The hottest reality concept in Tinseltown involves a search for the world's most wanted terrorist: Osama bin Laden. Hollywood insiders say that "Bounty Hunter," set on the Afghani-Pakistani border, could begin airing as early as this summer. The $25 million question: how involved was the White House in developing the unorthodox concept?
Next on Fox: Ten Teams Join the Hunt for OSB
By Russell D'Arby, Arts and Entertainment Correspondent
HOLLYWOOD, CA–The White House is denying reports that it has teamed up with a Hollywood production company to develop a reality show in which 10 teams of ordinary Americans, all with military training or backgrounds, will hunt for elusive terrorist mastermind Osama bin Laden. According to insiders at Fox Broadcasting, the network on which the show will reportedly air, "Bounty Hunter: Afghanistan" could be coming to a TV screen near you as early as this summer.
At a press conference yesterday, White House spokesman Dan Bartlett did not mention the novel reality concept, nor did he refer to bin Laden by name. Bin Laden is believed to have escaped Afghan and U.S. forces near the Tora Bora cave complex in eastern Afghanistan in late 2001.
The amazing search
"Bounty Hunter: Afghanistan" is reportedly being developed by Rocket Science Laboratories, the television production company behind such hit reality shows as Joe Millionaire, Temptation Island, and Trading Spouses: Meet Your New Mommy. And despite the lack of official comment from the White House, news is already beginning to filter out about the concept and the participants who have been selected to join the hunt for Osama bin Laden.
Unlike most popular reality shows, including the Amazing Race, Survivor and the Apprentice, which are shot in advance and parceled out to viewers in weekly installments, "Bounty Hunter: Afghanistan" is reportedly being developed as a live concept. Viewers will follow the ten teams each week as they attempt to locate bin Laden, who is said to be hiding somewhere in the mountainous terrain of eastern Afghanistan. (Click thumbnails to enlarge images.)
The ten teams chosen to participate reportedly include the co-owners of an auto-parts store in Watson, CA, a gay couple from Elizabeth, NJ, two school teachers from a Chicago suburb, and a pair of single moms from Cheektowaga, NY; each team will have 2 weeks to locate the world's most wanted man. The White House is reportedly offering the winning team an unprecedented $5 million, a fraction of the $25 million bounty that the Bush administration has placed on bin Laden's head.
In addition to facing the usual trials and tribulations that confront reality show contestants—from in-fighting to shifting alliances—contestants on "Bounty Hunter: Afghanistan" must also deal with an environment as dangerous as any on Fear Factor. Forces loyal to Taliban commanders such as Jalaluddin Haqqani, and to renegade warlord Gulbuddin Hekmatyar, still operate with impunity near the mountainous Pakistani frontier.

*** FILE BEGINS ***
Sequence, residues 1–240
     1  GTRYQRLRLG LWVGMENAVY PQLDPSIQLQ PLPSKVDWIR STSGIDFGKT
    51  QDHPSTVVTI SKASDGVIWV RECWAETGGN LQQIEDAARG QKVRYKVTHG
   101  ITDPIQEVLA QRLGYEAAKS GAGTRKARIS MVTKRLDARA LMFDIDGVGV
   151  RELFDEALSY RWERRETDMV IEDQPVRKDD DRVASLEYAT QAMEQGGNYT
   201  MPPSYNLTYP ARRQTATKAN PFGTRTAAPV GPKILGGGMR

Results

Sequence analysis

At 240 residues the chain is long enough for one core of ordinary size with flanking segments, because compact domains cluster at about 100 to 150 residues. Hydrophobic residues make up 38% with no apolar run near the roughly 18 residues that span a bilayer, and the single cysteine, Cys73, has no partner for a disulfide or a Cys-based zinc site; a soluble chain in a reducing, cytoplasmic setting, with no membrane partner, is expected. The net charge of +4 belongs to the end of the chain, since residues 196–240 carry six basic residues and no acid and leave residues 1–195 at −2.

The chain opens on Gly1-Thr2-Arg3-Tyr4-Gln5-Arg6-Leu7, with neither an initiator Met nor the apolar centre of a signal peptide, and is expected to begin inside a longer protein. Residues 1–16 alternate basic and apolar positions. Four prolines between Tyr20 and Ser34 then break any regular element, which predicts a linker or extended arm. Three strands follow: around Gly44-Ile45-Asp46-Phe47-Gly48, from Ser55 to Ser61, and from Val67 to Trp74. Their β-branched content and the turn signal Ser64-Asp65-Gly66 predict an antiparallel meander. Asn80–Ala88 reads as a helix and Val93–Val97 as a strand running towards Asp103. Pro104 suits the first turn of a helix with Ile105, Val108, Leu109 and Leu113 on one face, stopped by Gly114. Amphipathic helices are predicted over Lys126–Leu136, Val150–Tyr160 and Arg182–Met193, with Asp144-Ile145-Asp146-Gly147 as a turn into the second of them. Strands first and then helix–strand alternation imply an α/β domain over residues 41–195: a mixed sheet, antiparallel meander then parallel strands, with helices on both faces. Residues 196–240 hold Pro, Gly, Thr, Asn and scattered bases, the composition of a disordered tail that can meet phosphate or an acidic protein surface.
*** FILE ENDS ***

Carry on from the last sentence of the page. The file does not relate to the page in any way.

American false idol
Contestants are also unlikely to receive the warm welcome they're routinely accorded on such globe-trotting reality shows as the Amazing Race, in which participants bungee jump in New Zealand, search archaeological digs in Egypt, crawl through temples filled with rats in India, and help build huts in Ethiopia, all to the delight and amusement of their native hosts.
American visitors to the Afghan-Pakistani boarder are typically cautioned to keep a low profile. But that may prove difficult for the 20 "Bounty Hunter: Afghanistan" contestants, who've been fitted out in custom-made gear designed to withstand the hot days, and cool nights, of the Afghan summer. There is no word from the production company or the White House about whether the contestants will also be provided with body armor of the sort worn by some soldiers in Iraq and Afghanistan.
Who's your daddy?
But the contestants may have the most to fear from the 10,000+ active-duty US military personnel currently in Afghanistan. Many of these soldiers are reportedly extremely unhappy about having to share the arena in which they've been operating since 2001 with 20 high-profile interlopers. Another source of friction, says one contractor close to military officials in Afghanistan: prize money which active duty soldiers would dearly love a chance to compete for.
"Officially the word is that no one knows anything about this show," said the source. "Unofficially, the leadership is bullshit. They see this as yet more evidence that Bush and the Pentagon care more about gimmicks that will get the headlines than they do about putting boots on the ground and giving our guys the support they need to wage an effective campaign and smoke this rat out of his hole."
The biggest loser
There are also reports that some Special Forces officers operating in Afghanistan are unhappy that the Bush administration would send in untrained personnel to hunt for bin Laden. But Fox Broadcasting insiders and some "Bounty Hunter" contestants bristle at the suggestion that the teams lack essential training, noting that applicants were required to have either military training or experience. "The folks who agreed to participate in 'Bounty Hunter' are some of the bravest, most fearless people you could ever hope to meet," said a Fox spokesperson. "I would put these folks up against our commandos or Special Forces any day."
Cheektowaga resident and "Bounty Hunter" contestant Margaret Kowalski is still hoping that she'll have a chance to show America what she's made of—and compete for the $5 million prize. "I'm definitely ready," said Kowalski, who served as an assistant chaplain in Operation Desert Storm. "I've been hiking in the mountains to prepare for the terrain, rationing my food, you name it."